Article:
3rd October 2010
Recently I finally managed to configure remote (aka off-site) backup for my Debian server. As always, I started with a comparison of existing solutions.
In my setup I wanted backups to be initiated by the external backup server (as opposed to internal, production server initiated backup). Also, I was going to backup linux server to another linux box. Thus, it would be preferable to have support for rsync on both boxes and hardlinks on the backup box. I needed backup to be run regularly, I didn’t need any kind of GUI, and I would prefer to keep a bunch of older backups around (in case the most recent backup is of a compromised system, for example). Also, having an incremental backup of SQL databases was yet another requirement.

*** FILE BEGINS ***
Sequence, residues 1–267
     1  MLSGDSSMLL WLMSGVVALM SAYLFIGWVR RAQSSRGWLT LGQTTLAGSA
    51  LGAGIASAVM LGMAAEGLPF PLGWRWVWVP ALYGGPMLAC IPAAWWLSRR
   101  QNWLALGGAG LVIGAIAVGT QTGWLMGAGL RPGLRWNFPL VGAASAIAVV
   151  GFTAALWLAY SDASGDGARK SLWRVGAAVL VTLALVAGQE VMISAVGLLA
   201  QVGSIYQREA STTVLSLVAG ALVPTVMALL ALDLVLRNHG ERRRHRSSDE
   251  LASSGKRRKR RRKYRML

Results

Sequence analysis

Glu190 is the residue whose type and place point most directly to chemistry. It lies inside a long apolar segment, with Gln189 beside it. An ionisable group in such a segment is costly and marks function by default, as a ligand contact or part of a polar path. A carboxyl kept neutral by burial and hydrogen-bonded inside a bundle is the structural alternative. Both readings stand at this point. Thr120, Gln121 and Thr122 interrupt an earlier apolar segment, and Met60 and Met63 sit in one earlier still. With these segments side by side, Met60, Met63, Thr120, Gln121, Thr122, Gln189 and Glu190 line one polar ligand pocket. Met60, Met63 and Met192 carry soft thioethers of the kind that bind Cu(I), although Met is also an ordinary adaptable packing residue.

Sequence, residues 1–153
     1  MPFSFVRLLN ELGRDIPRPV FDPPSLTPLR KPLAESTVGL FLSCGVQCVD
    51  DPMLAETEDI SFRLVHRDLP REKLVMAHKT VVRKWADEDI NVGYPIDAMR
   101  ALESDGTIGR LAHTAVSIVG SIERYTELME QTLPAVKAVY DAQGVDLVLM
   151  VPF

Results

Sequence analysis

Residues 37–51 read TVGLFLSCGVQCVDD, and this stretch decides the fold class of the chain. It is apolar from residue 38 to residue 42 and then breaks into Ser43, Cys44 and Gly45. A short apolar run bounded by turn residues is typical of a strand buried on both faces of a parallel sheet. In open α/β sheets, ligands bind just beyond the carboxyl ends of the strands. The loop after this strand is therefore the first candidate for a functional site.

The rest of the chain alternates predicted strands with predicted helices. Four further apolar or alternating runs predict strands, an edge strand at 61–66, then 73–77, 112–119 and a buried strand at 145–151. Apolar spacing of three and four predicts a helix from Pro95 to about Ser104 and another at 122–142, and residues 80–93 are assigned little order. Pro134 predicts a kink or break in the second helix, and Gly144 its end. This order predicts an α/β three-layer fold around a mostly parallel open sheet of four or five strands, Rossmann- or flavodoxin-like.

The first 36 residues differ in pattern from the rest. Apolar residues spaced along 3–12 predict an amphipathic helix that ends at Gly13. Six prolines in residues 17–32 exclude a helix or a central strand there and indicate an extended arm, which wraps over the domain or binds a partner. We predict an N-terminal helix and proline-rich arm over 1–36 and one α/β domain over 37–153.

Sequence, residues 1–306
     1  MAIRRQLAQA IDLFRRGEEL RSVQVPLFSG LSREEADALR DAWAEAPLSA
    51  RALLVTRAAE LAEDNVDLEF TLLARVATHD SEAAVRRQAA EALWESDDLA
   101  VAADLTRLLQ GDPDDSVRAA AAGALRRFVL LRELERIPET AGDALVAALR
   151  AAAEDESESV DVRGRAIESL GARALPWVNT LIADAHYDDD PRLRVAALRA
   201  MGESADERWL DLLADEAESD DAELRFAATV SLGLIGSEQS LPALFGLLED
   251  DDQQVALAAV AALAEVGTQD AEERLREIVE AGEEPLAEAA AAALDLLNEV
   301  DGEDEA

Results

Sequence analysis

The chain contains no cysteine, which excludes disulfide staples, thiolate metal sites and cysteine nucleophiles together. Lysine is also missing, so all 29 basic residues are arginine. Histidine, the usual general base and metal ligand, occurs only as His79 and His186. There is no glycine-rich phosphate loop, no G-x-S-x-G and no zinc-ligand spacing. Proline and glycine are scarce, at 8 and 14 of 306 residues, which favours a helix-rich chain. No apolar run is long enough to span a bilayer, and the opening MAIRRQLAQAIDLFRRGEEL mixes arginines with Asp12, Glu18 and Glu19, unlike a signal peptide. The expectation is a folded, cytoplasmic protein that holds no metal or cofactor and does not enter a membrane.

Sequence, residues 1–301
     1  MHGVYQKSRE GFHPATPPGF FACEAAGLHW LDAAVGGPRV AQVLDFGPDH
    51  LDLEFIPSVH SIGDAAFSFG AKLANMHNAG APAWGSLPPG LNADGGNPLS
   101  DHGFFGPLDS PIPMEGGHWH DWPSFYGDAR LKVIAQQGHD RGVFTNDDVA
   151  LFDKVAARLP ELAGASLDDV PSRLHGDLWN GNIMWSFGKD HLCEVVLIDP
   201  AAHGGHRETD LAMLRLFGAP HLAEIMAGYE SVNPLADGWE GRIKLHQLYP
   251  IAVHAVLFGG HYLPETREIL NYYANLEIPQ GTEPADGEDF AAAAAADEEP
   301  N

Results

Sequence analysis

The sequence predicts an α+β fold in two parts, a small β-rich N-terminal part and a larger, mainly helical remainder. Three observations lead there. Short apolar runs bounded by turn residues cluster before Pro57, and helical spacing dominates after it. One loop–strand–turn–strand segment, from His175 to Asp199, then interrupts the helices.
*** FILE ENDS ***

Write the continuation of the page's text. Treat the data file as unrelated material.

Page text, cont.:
A few tools more or less matched my requirements: backupPC, duplicity, rdiff-backup, and dirvish.
backupPC, judging from its description and a few tutorial articles, is a cool piece of software. I think I might use it next time. But this time I really had no need for over-SMB backups (intended for Windows boxes), and no need for a nice administrative web-interface to backupPC. If not these extra features (which I don’t currently need) I’d go for backupPC. Here’s a guide for Ubuntu.
Duplicity claims to still be in beta, thus I haven’t given it a try. rdiff-backup seemed a bit too simple (and with no ready templates to get working regular backups faster), so I skipped that one as well.
Dirvish really caught my attention, partially thanks to a good and relatively short quick-start tutorial. That tutorial also mentions automysqlbackup – a nice, almost no-configuration tool to take regular dumps of MySQL databases. In combination, these two now regularly backup up my whole server to another linux box.
I would definitely recommend using dirvish+automysqlbackup for remote/off-site backup needs. However, other solutions might be as good or better for your use case.